27 May Advanced Music Search
The music search process should be an enjoyable, exploratory process – especially if you’re just testing ideas.
But what if you’re looking for something to fit a specific brief? You don’t want to spend time trawling through irrelevant tracks.
We’ve expanded on some of the search methods touched on in the Melodie User Guide, illustrating how you can save time by applying these technique to your own searches.
Instrument (and Timbre)
One of Melodie’s key music search headings is Instrument. Every instrument has its own unique ‘timbre’ (which refers to the tone colour or tone quality of a musical instrument).
Certain instruments have different timbres that deeply impact the mood of a track or the way that track is perceived. For example, Acoustic Guitar for the most part has a very natural and pastoral timbre and is often associated with connotations of gentle scenes like nature and wilderness. Instruments like bells and mallet instruments typically have a bright, sparkly timbre and are often associated with magic and mystery.
The connotations of these timbres can impact how a track fits with the mood or purpose you are trying to convey. A track may be in the right mood for your project but the timbres of the instruments may be fundamentally inappropriate. Considering the best instruments is a really simple and effective way to hone your search and cull any unsuitable tracks from your searches.
You can find instrument filters underneath the search bar in the Melodie search engine.
BPM (Beats Per Minute)
Search by BPM is all about finding the tempo, speed or pacing of a track.
Using BPM as a search parameter is particularly useful when you match the pace of a reference track or if you want expand upon an existing track, either in the same vein or differing styles/genres that has the same energy as your original track.
Adding a BPM parameter to your search will cull any tracks that fall outside the provided range.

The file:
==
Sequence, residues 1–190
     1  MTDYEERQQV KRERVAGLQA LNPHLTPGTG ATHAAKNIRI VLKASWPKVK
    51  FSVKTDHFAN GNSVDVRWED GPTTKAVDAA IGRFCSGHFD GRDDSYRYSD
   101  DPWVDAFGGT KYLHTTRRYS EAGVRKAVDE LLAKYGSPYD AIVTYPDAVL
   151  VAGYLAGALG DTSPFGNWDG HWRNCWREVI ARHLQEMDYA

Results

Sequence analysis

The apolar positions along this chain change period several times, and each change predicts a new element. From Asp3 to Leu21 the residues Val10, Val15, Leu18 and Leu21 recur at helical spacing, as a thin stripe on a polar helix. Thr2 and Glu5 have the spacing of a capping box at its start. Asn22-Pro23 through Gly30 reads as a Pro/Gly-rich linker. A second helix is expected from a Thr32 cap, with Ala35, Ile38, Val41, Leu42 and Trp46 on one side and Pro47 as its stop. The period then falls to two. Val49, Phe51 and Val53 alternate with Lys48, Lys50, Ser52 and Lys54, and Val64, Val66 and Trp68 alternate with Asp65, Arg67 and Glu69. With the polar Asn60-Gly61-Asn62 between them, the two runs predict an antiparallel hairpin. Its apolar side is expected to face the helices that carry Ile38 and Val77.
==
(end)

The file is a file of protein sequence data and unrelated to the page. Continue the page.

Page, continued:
Determining the range of the search will be dependent on what you are trying to achieve. If you are trying to find a continuation of an original reference track, we would recommend searching within 5 BPM either side of the reference track’s BPM. Any more than this and the difference in tempo will likely be too noticeable.
If you can be more flexible and just need to match the energy of the original reference you can expand this range to about 10 BPM either side of the reference.
All Melodie tracks have their BPM listed underneath the details tab. There are also plenty of online metronomes that you can use to find the BPM of a track. We recommend using this one.
You can find the BPM filter underneath the search bar in the Melodie search engine. Simply make sure BPM search is active and use the two blocks to set your range.
Some tracks don’t have a consistent BPM. This is where the speed or tempo of the track is fluid and changes throughout the track. This is particularly common in solo piano and orchestral works. We refer to this as “variable BPM”. To search only tracks with a variable BPM, toggle “Variable BPM disabled” (it will become Variable BPM active”).
We understand that Key can be a bit daunting, particularly if you’re not musically minded.
However, searching by Key can be an incredibly powerful tool when looking to mix different tracks together or when attempting a ‘gear change’. Tracks that are in the same key will be easier to mix between and blend for a more seamless flow in your edit.
On a less technical level searching by Key can also be an effective timesaver when searching for music. Music in a major key will typically have a bright and positive feel whilst music in a minor key will typically have a more melancholy or tense vibe. Selecting major or minor keys amongst your search parameters can be an effective way to cull large portions of inappropriate tracks from your results.
All Melodie tracks display Key in the Details tab.
You can find the Key filter underneath the search bar in the Melodie search engine. Simply select the Keys you would to include in your search results.
And don’t forget: the saddest key of all time? It’s D minor (Dm).